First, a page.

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Getting Started

@bitovi/velocirender provides a web-server for Single-page apps that is optimized for speed. By striking a balance between traditional server-side rendering and client-only rendering we are able to get the best of both worlds. A partially rendered page is delivered to the browser immediately; allowing critical assets such as CSS and JavaScript to begin being fetched. Meanwhile rendering instructions are streamed from the server to the browser allowing the user to see page content before the application has fully booted up.


Velocirender requires Node.js 10.0 and above.

To install Velocirender use one of the following commands:

npm install -g @bitovi/velocirender


yarn global add @bitovi/velocirender

This will add a new utility, velocirender to your PATH. You can check the version you have installed by running:

velocirender --version

Try it out

You can play around with and see the effects of incremental rendering without writing any code. Our example apps were written for the most popular frameworks and you can connect to them remotely.


Then navigate to http://localhost:8080 in your browser. You won't notice a big difference from a high-speed connection so we recommend tuning down to a 3G connection.

In Chrome Developer Tools you can do this by clicking Network and then changing the dropdown that says Online to Slow 3G instead:

Turning network down to 3G connection

Now when you compare the page load time using Velocirender vs. the client-only page you should see quite a difference of:

  • The App Shell is displayed immediately (the header, sidebar, etc).
  • Items within the product list are streamed in more quickly. This is because the API request is first made on the server.

Example apps

To make it easier getting started with Velocirender we've created React, Vue, and Angular example apps. These apps are built using the standard tooling for each framework.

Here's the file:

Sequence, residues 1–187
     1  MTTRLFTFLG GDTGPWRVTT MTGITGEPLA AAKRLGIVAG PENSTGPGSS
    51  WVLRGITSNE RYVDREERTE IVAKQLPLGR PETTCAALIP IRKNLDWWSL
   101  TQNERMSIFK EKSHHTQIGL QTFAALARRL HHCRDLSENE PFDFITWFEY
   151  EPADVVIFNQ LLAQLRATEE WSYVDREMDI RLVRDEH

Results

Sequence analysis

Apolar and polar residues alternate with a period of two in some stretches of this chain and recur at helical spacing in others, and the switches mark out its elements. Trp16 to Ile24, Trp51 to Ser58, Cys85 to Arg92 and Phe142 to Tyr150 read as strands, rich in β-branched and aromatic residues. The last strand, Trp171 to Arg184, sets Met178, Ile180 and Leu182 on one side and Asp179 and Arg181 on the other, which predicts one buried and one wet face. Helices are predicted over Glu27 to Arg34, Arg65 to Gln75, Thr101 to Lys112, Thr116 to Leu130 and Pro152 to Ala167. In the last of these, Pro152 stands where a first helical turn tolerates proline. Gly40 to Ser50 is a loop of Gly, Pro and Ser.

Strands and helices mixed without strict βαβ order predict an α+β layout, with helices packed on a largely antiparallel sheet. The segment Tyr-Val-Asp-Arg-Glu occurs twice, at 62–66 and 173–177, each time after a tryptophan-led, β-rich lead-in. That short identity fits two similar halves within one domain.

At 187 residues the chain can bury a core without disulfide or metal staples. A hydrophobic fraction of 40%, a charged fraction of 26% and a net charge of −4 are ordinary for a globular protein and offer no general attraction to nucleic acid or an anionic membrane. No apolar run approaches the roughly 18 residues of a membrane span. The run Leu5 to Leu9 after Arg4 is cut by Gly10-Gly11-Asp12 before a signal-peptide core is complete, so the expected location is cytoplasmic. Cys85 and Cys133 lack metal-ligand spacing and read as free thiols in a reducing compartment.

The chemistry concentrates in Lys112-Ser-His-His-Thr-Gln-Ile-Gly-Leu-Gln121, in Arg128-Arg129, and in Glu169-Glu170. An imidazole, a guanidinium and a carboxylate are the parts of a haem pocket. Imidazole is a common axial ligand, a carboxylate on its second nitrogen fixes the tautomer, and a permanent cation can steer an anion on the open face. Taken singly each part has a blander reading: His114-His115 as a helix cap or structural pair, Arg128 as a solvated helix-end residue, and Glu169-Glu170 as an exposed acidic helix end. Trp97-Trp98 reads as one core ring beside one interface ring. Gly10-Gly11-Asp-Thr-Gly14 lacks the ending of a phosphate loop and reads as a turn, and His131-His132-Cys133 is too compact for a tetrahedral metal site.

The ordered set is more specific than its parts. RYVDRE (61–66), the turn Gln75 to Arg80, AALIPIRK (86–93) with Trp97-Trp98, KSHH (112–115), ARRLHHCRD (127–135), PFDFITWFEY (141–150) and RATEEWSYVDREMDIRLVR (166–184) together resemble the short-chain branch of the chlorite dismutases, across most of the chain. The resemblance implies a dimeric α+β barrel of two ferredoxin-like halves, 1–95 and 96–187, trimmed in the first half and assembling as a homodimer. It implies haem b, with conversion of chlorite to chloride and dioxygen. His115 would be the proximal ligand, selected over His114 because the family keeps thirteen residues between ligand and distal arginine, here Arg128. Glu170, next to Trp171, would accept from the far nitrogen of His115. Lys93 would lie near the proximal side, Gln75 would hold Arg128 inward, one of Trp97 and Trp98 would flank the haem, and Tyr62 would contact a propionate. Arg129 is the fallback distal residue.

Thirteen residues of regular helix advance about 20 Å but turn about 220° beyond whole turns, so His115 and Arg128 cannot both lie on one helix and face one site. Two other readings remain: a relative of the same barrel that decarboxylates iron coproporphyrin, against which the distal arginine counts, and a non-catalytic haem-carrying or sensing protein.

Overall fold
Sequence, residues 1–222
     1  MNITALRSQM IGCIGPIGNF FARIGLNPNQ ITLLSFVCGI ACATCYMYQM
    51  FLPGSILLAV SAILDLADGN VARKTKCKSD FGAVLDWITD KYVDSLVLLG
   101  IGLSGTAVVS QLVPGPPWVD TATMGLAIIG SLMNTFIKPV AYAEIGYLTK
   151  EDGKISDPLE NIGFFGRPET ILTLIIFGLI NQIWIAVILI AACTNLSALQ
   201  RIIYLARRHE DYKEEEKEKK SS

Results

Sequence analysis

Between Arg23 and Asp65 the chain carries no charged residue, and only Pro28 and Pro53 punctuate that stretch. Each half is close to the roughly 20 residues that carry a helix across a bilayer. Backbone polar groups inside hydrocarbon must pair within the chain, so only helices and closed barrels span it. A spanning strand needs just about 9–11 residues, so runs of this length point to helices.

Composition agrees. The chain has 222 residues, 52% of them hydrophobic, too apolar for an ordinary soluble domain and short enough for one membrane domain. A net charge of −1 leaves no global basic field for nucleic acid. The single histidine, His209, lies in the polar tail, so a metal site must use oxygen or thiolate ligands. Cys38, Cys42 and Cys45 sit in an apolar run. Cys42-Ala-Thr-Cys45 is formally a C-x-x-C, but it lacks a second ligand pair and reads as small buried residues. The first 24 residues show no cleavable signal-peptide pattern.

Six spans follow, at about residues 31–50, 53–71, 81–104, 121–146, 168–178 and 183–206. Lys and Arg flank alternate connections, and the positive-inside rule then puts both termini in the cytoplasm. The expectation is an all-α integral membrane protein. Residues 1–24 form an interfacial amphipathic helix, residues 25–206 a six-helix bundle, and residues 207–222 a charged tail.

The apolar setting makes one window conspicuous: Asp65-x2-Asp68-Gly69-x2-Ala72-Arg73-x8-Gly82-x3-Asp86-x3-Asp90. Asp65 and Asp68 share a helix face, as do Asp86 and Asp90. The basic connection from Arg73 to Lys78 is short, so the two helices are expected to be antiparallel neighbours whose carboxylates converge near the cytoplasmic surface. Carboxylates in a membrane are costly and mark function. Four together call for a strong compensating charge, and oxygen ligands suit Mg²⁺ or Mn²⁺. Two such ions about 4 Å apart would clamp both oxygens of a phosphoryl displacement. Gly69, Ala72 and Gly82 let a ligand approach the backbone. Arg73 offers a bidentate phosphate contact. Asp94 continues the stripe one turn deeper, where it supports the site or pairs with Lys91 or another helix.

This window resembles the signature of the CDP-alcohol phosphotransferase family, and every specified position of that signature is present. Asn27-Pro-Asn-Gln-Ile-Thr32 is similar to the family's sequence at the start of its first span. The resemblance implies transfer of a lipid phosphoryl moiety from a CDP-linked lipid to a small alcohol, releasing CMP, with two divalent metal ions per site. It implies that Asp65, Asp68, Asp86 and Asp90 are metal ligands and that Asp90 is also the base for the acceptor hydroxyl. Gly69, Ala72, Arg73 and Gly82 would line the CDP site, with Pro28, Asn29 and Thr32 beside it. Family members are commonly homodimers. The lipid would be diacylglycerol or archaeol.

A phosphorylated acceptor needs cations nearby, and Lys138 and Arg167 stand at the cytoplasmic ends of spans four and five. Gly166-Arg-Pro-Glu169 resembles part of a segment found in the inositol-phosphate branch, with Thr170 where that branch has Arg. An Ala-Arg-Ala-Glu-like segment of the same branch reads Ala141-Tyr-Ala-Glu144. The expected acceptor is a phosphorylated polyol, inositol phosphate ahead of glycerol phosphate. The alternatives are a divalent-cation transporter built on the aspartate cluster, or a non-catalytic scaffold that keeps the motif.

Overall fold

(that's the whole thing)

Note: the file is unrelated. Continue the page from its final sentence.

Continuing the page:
The dog-things-react project was created using Create React App.

You can try out incremental rendering this project locally using:


Or clone and then run:

npm install
npm start

This will open the app in development mode. You can modify the files and it will reload the browser. To build you do:

npm run build
npm run prod

This will serve up the production build from the build/ folder.


The dog-things-vue project was created using Vue CLI.

You can try out incremental rendering this project locally using:


To develop on the app you can clone it and then run:

npm run serve

Which builds the app in development mode and starts a server. To see the incremental version build for production run:

npm run build
npm run prod

The built version will be in the dist/ folder.

Browser Compatibility

Velocirender utilizes recent additions to the browser specs such as preload, fetch, and ReadableStream.

As of today incremental rendering is possible in Chrome and Safari >=12.

In browsers that don't support these technology Velocirender will fallback to the traditional SSR method of waiting for a fully rendered page. We call these separate strategies:

  • incremental strategy is for modern browsers with streaming capabilities.
  • legacy strategy is for older browsers.


You can deploy your application to any of the many cloud Node.js hosting providers such as Google Cloud, AWS EC2 or Heroku.

Function as a service providers (sometimes called serverless) like AWS Lambda is not a viable option at this time, because none of these providers currently support streaming responses. Once they've added that capability we'll explore how Velocirender can be integrated into those platforms.

Remote vs Local

Currently it is recommended to deploy the application in the same manner you would any server-side app. How you do this will depend on your provider, but ultimately you'll want have it run the CLI command:

node_modules/.bin/velocirender path/to/index.html

Where path/to/index.html is the path to your production HTML file (React's is build/index.html for example).

Every time you want to do a new release of your application you will need to redeploy the code and restart the server.

In the future it will be possible to run Velocirender against remote URLs in your production environment. What this will do is download your application from a remote URL and cache the assets locally. This won't be practical, however, until we figure out a way to expire the cache.

What this will mean is that you will only ever need to deploy your back-end code once. From then on you can simply deploy the client-side application to some publicly accessible CDN and the server will download the new version when its cache expires.

Next Steps

We invite you to join the Bitovi Community Slack and come to the #performance room to get help from the community on setting up incremental rendering in your application.